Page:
Among a host of other things, I’ve had “relevance” on my mind this week. As a student of the so-called “dead languages,” I have gotten fairly accustomed to facing the question (from myself as often as from others), “Remind me why you’re studying that again?” The more often I ask myself this question, however, the better and more nuanced my answers become.
But what is it that we mean when we talk about the need to be relevant, anyway? The dictionary tells us that something is relevant when it has “significant and demonstrable bearing on the matter at hand.” Depending on what “the matter at hand” is, of course, that really sounds like it could be quite a tall order! “Significant and demonstrable”—those are two criteria that are not very easily quantified.
Sometimes, however, I think we make the question of relevance harder on ourselves than it need be. Often, when we use the term “relevant,” what we really mean is one of two things: either “popular” or “practical.” This week, I’ll spend a few moments discussing why I think we should avoid confusing relevance with popularity, and next week I’ll talk about why I think we need to broaden our understanding of what is of practical relevance.
So why is it that we are so quick to judge as irrelevant those pursuits that are less popular than others? Why is it that artists regularly feel the need to defend the relevance of what they love, while sports fans hardly ever do? Why are we so quick to assume that “old” books and stories (think the Bible, Shakespeare, the Constitution, the list could go on and on) must have less relevance for our day-to-day lives than the self-help books and memoirs that line our best-seller shelves?
These questions could probably be answered in a variety of ways, but the point I want to make here is just how easy it is to fall into the trap of assuming something is less relevant to the needs of today’s world simply because it falls rather low on the popularity scale. Might it not make more sense to think about things the other way around? Is it not at least possible that the very fact of something’s being unpopular might actually suggest that there is a greater need for it than otherwise?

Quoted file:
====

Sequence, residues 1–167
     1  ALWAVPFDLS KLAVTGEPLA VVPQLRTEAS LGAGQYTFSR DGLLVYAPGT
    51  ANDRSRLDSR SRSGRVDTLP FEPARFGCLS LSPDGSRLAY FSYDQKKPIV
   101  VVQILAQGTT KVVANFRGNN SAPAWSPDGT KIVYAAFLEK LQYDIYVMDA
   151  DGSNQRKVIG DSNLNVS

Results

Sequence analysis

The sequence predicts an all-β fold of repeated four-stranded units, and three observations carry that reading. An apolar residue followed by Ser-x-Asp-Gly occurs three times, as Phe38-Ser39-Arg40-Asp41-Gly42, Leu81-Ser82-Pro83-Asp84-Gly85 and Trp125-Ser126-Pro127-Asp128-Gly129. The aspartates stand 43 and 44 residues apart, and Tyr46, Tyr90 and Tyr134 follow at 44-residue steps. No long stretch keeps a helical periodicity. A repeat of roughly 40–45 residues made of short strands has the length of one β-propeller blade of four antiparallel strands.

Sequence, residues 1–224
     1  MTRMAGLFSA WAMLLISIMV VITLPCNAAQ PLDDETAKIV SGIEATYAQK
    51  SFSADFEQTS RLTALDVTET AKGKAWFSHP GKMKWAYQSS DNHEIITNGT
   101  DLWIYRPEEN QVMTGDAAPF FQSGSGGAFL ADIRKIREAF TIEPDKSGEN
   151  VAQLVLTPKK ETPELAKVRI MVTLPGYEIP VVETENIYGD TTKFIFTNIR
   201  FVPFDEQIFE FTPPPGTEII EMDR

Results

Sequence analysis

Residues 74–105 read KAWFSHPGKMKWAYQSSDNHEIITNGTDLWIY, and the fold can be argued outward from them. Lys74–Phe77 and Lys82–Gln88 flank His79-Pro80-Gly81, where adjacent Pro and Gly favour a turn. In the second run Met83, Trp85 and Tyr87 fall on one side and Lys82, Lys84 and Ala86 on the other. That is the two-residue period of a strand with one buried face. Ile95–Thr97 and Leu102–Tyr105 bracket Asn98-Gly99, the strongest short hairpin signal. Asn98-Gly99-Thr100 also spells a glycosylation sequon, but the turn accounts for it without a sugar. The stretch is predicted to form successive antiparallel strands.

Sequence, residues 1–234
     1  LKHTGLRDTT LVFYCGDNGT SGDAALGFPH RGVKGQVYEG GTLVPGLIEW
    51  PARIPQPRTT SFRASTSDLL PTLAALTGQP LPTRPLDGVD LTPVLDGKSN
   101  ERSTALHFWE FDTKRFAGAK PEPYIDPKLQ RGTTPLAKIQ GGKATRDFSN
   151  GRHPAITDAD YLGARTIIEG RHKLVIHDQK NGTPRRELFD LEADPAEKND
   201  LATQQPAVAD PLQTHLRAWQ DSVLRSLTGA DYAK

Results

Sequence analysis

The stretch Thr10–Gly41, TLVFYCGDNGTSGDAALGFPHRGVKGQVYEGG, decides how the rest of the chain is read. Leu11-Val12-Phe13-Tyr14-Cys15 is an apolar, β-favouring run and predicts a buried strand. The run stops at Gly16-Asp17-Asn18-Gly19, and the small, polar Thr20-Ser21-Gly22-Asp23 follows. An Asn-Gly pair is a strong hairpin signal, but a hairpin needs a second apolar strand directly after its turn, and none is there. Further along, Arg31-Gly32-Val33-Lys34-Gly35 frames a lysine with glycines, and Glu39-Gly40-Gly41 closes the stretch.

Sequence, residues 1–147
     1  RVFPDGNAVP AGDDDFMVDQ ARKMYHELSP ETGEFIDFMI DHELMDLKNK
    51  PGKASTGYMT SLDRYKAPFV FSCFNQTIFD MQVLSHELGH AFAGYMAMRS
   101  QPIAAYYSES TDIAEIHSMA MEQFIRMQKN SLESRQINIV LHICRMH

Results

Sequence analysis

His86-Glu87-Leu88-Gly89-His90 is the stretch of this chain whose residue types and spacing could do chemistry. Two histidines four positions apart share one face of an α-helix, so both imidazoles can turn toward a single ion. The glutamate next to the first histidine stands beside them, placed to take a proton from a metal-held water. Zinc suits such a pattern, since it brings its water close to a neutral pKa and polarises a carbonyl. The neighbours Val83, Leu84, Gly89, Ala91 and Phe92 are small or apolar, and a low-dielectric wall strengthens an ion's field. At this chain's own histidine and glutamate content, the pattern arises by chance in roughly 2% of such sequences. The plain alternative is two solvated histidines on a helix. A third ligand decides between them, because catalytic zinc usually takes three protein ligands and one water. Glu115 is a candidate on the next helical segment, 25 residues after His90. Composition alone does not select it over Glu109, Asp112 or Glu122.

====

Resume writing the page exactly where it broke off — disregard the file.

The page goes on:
Think of it this way. Suppose the task of an artist or a historian or a philologist is to help others recall or become acquainted with those things of beauty and significance that most have never heard of or cared about. If the majority of our culture has forgotten a truth of immense value or has never encountered an image of life-changing beauty, would it not be the most relevant task in the world—a vocation with the most significant bearing on the status quo—to spend all one’s energy helping others discover (or rediscover) those objects truly worthy of pursuit?
Let’s not fall into the trap of calling something irrelevant just because few people find it interesting at the moment. I believe pursuits of true relevance will always show their face eventually to those who seek them.